Going digital is no longer a choice, but it doesn’t have to be scary
Byte and Switch shared with quote from the wife of Thomas Hogan, SVP of HP Software, after seeing his presentation material as he prepared for a conference:
“What is cloud computing and do I need to be scared?”
I don’t blame her! It does sound a bit ominous and intrusive. It reminds me to stop now and then, step back from the technobabble, and think about how this stuff fits into the bigger picture.
This is all the more important as the consumer and technology worlds merge. Going digital is no longer a choice.
Storage, for example, is not gigabytes or access time to most people. It’s photos, movies, and important papers. It’s memories and dreams. The Cloud is connection, insurance and convenience.
We need to adapt our language and even our products as the doors open wide and we bring what we do from behind the curtain to the mainstream world.
Storage philosophy is as important as storage technology
Storage is growing everywhere, but nowhere more than in the Clouds. Here’s a link to my guest post on Sitepoint on storage technology and philosophies that can help battle the challenges of billowing Cloud Storage.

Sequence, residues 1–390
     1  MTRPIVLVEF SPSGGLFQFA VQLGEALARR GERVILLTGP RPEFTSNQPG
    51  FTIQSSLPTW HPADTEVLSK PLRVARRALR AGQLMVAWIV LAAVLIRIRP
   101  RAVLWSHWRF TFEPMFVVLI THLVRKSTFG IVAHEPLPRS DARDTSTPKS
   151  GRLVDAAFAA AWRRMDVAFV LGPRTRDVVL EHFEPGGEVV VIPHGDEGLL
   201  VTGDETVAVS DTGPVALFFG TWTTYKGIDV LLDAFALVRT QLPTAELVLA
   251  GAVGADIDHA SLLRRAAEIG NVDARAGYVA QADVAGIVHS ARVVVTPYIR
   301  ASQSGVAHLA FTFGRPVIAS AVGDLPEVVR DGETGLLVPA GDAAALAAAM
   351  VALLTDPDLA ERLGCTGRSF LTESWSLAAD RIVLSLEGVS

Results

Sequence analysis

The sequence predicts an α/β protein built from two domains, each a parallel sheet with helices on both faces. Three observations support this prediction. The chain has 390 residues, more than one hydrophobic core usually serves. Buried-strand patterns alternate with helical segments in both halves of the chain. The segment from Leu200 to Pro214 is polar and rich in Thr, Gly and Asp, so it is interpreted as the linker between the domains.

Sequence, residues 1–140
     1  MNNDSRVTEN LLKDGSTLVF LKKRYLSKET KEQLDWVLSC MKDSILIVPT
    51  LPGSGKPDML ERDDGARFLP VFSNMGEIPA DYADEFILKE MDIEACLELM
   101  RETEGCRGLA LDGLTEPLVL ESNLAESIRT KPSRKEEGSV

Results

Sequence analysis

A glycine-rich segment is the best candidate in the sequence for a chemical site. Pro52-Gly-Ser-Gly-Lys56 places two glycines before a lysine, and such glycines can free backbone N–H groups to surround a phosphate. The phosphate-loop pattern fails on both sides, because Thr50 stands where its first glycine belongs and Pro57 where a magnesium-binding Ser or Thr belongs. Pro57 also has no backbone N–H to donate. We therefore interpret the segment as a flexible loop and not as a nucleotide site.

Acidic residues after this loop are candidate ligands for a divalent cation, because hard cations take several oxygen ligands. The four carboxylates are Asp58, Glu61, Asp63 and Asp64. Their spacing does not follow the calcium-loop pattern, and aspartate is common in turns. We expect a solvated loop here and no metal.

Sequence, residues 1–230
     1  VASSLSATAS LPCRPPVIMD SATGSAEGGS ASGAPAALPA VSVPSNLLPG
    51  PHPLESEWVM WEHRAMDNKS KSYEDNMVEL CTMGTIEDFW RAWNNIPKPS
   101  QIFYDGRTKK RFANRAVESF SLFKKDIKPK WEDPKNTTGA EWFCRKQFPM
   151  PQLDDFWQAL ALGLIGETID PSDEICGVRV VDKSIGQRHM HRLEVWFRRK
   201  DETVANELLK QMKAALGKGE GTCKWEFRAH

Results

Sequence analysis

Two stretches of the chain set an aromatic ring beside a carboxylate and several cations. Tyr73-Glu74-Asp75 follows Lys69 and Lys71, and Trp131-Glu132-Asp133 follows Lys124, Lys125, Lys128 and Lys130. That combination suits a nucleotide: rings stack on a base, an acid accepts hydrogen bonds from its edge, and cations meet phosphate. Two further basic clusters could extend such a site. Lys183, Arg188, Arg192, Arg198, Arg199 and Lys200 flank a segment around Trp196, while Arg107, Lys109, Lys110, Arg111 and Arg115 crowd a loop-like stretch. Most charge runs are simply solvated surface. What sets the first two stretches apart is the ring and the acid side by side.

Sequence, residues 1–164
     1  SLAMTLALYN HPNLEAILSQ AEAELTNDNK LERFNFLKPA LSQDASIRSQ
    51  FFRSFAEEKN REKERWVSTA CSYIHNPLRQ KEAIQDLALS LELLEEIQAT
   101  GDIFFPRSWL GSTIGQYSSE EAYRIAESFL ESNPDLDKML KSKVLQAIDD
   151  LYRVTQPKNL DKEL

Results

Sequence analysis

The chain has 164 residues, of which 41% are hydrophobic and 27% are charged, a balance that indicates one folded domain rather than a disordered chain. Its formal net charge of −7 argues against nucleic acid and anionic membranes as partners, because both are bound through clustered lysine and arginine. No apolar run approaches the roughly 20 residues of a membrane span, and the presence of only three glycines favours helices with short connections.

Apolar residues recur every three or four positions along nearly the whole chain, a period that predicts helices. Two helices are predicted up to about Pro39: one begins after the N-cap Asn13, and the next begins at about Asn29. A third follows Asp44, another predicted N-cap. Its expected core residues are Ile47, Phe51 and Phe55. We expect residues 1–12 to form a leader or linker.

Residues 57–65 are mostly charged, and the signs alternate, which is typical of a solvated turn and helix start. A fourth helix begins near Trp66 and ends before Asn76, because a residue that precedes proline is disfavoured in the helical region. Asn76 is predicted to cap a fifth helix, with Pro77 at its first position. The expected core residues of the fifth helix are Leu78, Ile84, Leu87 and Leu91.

The skies are getting crowded with yet another cloud formation
Parascale‘s got a new angle on the Cloud: a software-based clustered file system that can form a cloud across hardware systems from different vendors. Their sweet spot seems to be companies that need their own internal clouds. Here’s the release from Byte and Switch.
DCIG wonders if companies are ready for this atmospheric responsiblity.
I’m a bit skeptical of hardware independence, based on first-hand experience at the turn of the millenium trying to get a heterogeneous storage pooling product to fly at StorageTek. Anyone remember the SN6000?
It’s harder to achieve than it seems. But the value is tremendous if Parascale can pull it off.
As the number of Cloud varieties grow, I think we need a Web Meteorologist. What’s your forecast for DIY clouds?
Will Cloud Computing take EMC from storage maker to storage user?
EMC is mostly known as a company that makes storage. That may change in the future, according to Data Center Knowledge. EMC’s Cloud Computing offering could someday rank them with Google, MSN and others as one of the top users of storage.
EMC’s recent acquisition of Pi, a personal information management startup is a step in that direction, according to Chuck Hollis, EMC’s VP of product alliances:
“Like a diamond being set into a ring by an expert jeweler, Pi is potentially the centerpiece of a very intriguing strategic play. And one that not too many people will initially appreciate, I believe. I think people are having a tough time putting EMC into a neat industry bucket.”
EMC clearly has a unique vertical business model opportunity as a storage provider and consumer.